British wildlife in May

24 May

I’m back from eight days rubber tramping Britain’s south coast, taking in the Somerset Levels, New Forest, South Downs, Dungeness and Thanet …

gnocchi and pesto for supper at Pulborough Brooks Nature Reserve, West Sussex

… having spent the beginning of May in Scotland with Jackie in a cottage at Cromarty, followed by two nights in the van in the Cairngorms.

by Loch Morloch in the Cairngorms

I’d wanted to write detailed travelogues for both trips but, with a Ukraine update sorely needed after twelve days of radio silence at steel city house, these wildlife shots will have to do.

I’m no expert. If you see an unidentified or misidentified specimen, please correct me.


Appended to a May 3 post on Keir Starmer I wrote from Lydia cottage in Cromarty that:

Between May and September, Atlantic Salmon enter the Moray Firth – which stabs its southwesterly dagger into the Scottish Highlands all the way to Inverness – and from there run up the Beauly and Ness rivers to spawn in fresh water.

… stabs its southwesterly dagger! Jeez, what was I on? At Inverness that dagger, unmarked on the OS map, elbows westwards to rebrand itself as Beauly Firth …

Southwest of Cromarty, close to Fortrose, the firth narrows . At low tide only a few hundred metres separate Chanonry Point on the west shore from Fort George on the east. Here the fish must navigate the deep water channel a few metres off the point, here they face the greatest danger of ambush by waiting bottlenose dolphins, and here I and a dozen others arrived an hour or so after low tide …

… For the first hour, zilch. Then the action began.


spotted chaser dragonfly at Shapwick Heath, Somerset Levels


After snapping the spotted chaser I caught this pair at it in nearby Hamm Wall. Unable to ID it I asked my learned entomologist and expert photographer pal Dave to help. He replied:

Your damselfly coupling photo is tricky. The wing markings, thorax clouds and red eyes suggest they might be the Red-eyed Damselfly Erythromma rajas.


great egret at Hamm Wall, Somerset Levels


baby coot on the canal at Chichester


marsh harrier at Hamm Wall, Somerset Levels


??? at Pulborough Brooks Nature Reserve, West Sussex


??? at Pulborough Brooks Nature Reserve, West Sussex


harvest mouse at Shapwick Heath, Somerset Levels


mandarin duck at Pulborough Brooks Nature Reserve, West Sussex


??? ducks at Pulborough Brooks Nature Reserve, West Sussex


coots at Pulborough Brooks Nature Reserve, West Sussex


red kite near the River Conon, Ross & Cromarty


At Dungeness Reserve, site of the former power station and Derek Jarman’s garden, I heard the boom of a bittern’s mating call. On the Somerset Levels the sound had been near constant but with ne’er a peep of the famously shy bird, kin to the herons and egrets. I’d seen but two in my entire puff: at Attenborough, and from my canoe on Barton Broad when one flew out of reed beds lining the eastern shore to wheel 180 degrees before heading back to the safety of those watery margins.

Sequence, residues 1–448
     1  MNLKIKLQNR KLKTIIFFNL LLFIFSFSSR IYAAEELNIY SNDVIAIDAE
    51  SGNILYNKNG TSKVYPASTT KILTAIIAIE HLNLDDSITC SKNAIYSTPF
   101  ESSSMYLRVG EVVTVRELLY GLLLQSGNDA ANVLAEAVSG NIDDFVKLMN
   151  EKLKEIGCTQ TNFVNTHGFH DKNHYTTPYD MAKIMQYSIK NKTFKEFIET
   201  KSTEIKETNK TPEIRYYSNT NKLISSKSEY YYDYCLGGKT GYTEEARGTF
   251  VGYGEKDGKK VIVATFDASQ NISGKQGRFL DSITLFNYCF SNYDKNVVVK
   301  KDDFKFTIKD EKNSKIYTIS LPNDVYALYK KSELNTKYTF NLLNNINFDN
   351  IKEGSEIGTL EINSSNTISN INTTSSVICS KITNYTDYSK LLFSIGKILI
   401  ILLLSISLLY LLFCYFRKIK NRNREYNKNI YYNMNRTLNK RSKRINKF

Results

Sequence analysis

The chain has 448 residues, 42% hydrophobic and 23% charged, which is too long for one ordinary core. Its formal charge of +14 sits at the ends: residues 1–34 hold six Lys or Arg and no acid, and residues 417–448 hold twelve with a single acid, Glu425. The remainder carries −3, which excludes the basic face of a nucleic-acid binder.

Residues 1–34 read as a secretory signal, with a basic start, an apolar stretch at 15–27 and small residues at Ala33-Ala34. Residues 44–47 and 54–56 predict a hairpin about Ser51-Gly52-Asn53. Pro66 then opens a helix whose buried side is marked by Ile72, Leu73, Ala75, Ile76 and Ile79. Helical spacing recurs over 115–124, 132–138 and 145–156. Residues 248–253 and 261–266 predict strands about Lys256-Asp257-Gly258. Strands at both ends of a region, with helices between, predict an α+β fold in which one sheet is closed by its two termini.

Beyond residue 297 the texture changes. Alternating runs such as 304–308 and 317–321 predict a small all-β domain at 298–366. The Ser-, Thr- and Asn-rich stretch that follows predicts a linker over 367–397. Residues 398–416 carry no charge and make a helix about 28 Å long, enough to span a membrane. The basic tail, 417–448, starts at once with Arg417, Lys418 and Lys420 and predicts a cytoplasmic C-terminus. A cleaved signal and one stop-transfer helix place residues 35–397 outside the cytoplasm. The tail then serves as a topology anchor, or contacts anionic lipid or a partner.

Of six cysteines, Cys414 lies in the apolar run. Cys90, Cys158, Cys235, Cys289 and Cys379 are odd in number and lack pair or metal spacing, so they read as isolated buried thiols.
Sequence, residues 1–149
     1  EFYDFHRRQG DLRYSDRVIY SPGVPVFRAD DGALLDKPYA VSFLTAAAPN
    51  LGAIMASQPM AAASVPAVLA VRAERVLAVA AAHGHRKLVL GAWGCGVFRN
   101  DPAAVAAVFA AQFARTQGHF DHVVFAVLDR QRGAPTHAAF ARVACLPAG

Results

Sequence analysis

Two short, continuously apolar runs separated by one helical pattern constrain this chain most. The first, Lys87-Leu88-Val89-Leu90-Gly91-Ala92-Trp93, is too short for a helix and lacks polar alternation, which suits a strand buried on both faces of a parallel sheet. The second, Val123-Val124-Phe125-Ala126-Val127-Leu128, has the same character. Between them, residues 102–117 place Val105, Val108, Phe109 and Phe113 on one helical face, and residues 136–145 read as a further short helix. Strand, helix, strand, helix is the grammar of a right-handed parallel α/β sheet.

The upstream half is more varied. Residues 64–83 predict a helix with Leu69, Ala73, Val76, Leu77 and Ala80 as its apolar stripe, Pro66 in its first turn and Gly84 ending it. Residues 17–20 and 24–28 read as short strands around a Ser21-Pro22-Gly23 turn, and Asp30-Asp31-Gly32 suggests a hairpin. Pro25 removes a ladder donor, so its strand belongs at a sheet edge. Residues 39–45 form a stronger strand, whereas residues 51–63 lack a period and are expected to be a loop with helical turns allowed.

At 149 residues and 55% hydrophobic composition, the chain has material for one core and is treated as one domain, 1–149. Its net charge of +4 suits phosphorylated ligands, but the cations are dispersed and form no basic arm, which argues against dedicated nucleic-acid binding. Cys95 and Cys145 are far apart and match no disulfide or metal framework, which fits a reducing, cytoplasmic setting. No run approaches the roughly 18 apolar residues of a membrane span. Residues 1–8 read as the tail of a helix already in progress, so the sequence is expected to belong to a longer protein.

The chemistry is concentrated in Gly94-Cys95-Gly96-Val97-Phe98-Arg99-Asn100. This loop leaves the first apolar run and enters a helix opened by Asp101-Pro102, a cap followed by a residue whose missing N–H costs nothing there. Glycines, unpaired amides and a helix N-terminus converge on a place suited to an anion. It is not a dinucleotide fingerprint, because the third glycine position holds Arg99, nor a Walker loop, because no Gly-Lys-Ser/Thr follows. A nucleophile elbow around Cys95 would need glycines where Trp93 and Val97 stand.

But on Saturday I heard the giveaway boom just as I was approaching Denge Marsh Hide, which overlooks one of the reserve’s expanses of open water. As I entered, a man pointed excitedly at a tree stump, barely distinguishable from the reeds, 200-300 yards distant. That’s too far for my lens to deliver a pin sharp image, but to hear, see and snap a bittern all in one go is stunningly good fortune by anyone’s standards.

Three weeks ago, musing on a missed chance to snap an osprey on Cromarty Firth, I spoke of cowardice and indolence as the foremost enemies of excellence – in photography as in life. We might add impatience as a close third but today I was for once patient: product, maybe, of that slowing down for which a week of solitude, leisurely touring and time out from exposing ruling class devilry can create house-room. For once I waited. Fifteen minutes? Twenty? Whatever, my reward was to see the bird take to the air. This too is no prize winning pic, but a bittern in flight? That’s close to being as good as it gets.


Walking back to the van after watching lapwings at Meare Hide, Pulborough Brooks, I saw this guy on a fence. But for the tell-tale tail I might have heeded Dion Warwick and walked on by. In woodland further darkened by the late evening light, the colouring was so muted it could have been the ten-a-penny grey squirrel, near nemesis of the red. 1

(Not that the grey squirrel is to be held in low esteem. It’s intelligence and resourcefulness are well known. But I was tired and hungry, can watch grey squirrels from my balcony at home, and would not have stopped here to take pictures.)

For comparison, here’s a red snapped near Buttermere twelve years ago. My kit was inferior, as was my skillset, but on a sparkling April day in 2011, Lakeland sunlight warmed and brought out those red tones.